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Lord Forsyth of Drumlean: Like the Minister, I am not a lawyer but my understanding of Pepper v Hart is that statements made at the Dispatch Box can be used subsequently in legal proceedings. I asked the question in respect of hybridity because the Minister is on record as saying that we are introducing this Bill with these wide powers in order to avoid the problem of hybridity. If Pepper v Hart applies to considerations of hybridity, and if I wanted to argue that the Bill was hybrid, I would point out that the Minister had told Parliament that he had made it this way in order to get round the problems of hybridity. That is rather like setting up tax-avoidance schemes with the express purpose of avoiding tax—something the Revenue tends to take as not being valid.

Lord Davies of Oldham: The noble Lord has been with us through many long hours, so he will recognise that I have all along argued for the Bill on two very obvious grounds. First, there are general purposes which apply for 12 months and will lapse. They are general because they apply to any conceivable institution in the event of an emergency which we do not anticipate and can therefore in no way, shape or form identify but merely make prudential legislation for. Secondly, there are the issues raised by Northern Rock. But because the Bill has these general objectives it is certainly not hybrid.

Lord De Mauley: I do not wish to detain your Lordships long. We have had a very useful debate and I am particularly grateful to the noble Lord, Lord Eatwell, for his useful suggestion and also to my noble and learned friend Lord Mayhew. My amendments were not only about Northern Rock but also about future nationalisations. We fear that nationalisation may become like a drug to the Government. Having said that, while reserving the right to come back to this on Report, I beg leave to withdraw my amendment.

Lord Davies of Oldham: I apologise to the noble Lord. I may be no lawyer but I am reasonably competent on parliamentary procedure. These debates started on my amendment and therefore it is I who should wind up the debate.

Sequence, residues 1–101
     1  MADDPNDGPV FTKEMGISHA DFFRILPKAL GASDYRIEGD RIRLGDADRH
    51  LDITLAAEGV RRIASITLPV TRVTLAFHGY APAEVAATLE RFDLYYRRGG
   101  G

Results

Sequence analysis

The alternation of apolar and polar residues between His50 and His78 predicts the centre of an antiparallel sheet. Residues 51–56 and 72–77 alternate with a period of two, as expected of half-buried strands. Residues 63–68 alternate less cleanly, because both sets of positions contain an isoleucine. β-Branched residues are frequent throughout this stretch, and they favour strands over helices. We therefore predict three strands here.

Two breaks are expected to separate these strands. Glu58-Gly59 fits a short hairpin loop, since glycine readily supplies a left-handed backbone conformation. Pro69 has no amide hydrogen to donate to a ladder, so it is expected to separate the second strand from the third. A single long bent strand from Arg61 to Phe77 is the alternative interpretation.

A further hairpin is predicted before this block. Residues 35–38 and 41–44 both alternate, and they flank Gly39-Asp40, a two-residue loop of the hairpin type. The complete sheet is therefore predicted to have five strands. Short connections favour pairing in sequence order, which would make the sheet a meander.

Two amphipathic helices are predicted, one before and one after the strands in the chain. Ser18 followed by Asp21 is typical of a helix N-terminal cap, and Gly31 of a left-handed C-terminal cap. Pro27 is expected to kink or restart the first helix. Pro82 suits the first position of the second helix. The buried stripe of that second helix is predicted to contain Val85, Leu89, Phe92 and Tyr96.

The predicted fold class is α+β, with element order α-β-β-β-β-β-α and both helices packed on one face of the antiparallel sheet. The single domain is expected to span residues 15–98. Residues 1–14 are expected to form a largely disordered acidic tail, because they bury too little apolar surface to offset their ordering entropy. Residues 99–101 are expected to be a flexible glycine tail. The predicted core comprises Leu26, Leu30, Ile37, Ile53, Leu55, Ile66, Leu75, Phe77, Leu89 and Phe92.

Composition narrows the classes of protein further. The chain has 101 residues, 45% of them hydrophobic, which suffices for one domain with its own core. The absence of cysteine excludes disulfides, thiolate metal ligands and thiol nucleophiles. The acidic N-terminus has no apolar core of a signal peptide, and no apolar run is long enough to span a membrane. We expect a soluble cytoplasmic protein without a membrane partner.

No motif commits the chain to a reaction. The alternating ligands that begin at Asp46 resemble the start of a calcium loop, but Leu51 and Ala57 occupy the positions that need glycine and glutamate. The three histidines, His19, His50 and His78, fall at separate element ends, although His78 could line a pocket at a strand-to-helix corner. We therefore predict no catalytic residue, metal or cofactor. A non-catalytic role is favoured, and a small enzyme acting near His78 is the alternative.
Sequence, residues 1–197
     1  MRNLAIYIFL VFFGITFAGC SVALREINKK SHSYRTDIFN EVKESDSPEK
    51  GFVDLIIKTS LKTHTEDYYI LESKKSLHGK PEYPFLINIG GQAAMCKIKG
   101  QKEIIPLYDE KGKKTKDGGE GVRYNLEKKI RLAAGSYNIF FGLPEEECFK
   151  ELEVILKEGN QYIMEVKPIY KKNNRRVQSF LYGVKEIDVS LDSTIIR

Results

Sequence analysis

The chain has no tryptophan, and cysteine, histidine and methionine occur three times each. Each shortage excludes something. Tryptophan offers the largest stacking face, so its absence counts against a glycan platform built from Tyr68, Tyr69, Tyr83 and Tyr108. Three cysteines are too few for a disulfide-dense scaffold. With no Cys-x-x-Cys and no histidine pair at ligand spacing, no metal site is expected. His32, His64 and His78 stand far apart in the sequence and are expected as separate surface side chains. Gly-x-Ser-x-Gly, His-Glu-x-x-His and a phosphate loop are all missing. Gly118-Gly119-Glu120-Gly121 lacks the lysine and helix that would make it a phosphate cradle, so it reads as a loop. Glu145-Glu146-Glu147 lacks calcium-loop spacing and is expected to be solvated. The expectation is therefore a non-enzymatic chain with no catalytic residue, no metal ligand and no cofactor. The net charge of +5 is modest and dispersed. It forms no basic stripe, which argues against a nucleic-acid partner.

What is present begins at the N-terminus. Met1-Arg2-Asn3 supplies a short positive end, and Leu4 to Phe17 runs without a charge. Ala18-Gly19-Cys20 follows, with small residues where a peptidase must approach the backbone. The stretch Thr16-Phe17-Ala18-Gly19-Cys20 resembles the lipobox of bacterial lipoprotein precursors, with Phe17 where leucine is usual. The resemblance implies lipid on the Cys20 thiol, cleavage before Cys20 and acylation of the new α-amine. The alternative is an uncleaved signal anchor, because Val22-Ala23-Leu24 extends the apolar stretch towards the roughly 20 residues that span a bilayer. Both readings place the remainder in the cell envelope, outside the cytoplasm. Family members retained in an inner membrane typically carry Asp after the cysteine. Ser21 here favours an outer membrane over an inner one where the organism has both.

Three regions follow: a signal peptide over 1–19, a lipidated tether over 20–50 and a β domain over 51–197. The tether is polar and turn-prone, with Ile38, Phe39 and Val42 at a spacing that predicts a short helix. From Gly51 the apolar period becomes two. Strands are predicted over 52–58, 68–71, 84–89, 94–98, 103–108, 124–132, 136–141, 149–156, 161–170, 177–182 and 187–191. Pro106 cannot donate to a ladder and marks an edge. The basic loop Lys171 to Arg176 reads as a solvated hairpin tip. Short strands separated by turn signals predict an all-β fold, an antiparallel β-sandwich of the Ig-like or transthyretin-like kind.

On Question, amendment agreed to.

[Amendment No. 17 not moved.]

Lord Davies of Oldham moved Amendment No. 18:

On Question, amendment agreed to.

[Amendment No. 19 not moved.]

Clause 13, as amended, agreed to.

Schedules 1 and 2 agreed to.

In the Title:

[Amendment No. 20 not moved.]

Title agreed to.

House resumed: Bill reported with amendments.



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Business

Baroness Royall of Blaisdon: My Lords, the Banking (Special Provisions) Bill will now be reprinted and distributed. Any amendments for Report may be tabled with the Public Bill Office. The deadline for tabling amendments will be put on the annunciator. The next piece of business will be the Statement on terrorist suspects, rendition, to be repeated by my noble friend Lord Malloch-Brown.

Earl Ferrers: My Lords, can I ask the Government Chief Whip to explain that? The Bill is now going to be reprinted for Report. When will that be held?

Baroness Royall of Blaisdon: My Lords, we expect Report to begin approximately 30 minutes after the end of the proceedings on the Statement.

Terrorism: Rendition

4.24 pm

The Minister of State, Foreign and Commonwealth Office (Lord Malloch-Brown): My Lords, with permission, I would like to repeat a Statement on US rendition operations made in the other place by my right honourable friend the Foreign Secretary. The Statement is as follows:

“On 12 December 2005, in response to a Parliamentary Question from the right honourable Member for North East Fife, the then Foreign Secretary, my right honourable friend the Member for Blackburn, updated the House on the subject of terrorist suspects (renditions) stating that:“This was supplemented by two further Statements in January 2006, and a subsequent letter of 6 February 2006 to the right honourable Member for Richmond.“In March 2007, the then Prime Minister Tony Blair gave an assurance to the Intelligence and Security Committee that he was satisfied that the US had at no time since 9/11 rendered an individual through the UK or our Overseas Territories. In its report on rendition, the ISC said:“The Government welcomed these conclusions in their response to the report published in July 2007. Parliamentary Answers, interviews and letters followed this evidence.“I am very sorry indeed to have to report to the House the need to correct these and other statements on the subject, on the basis of new information passed to officials on 15 February 2008 by the US Government.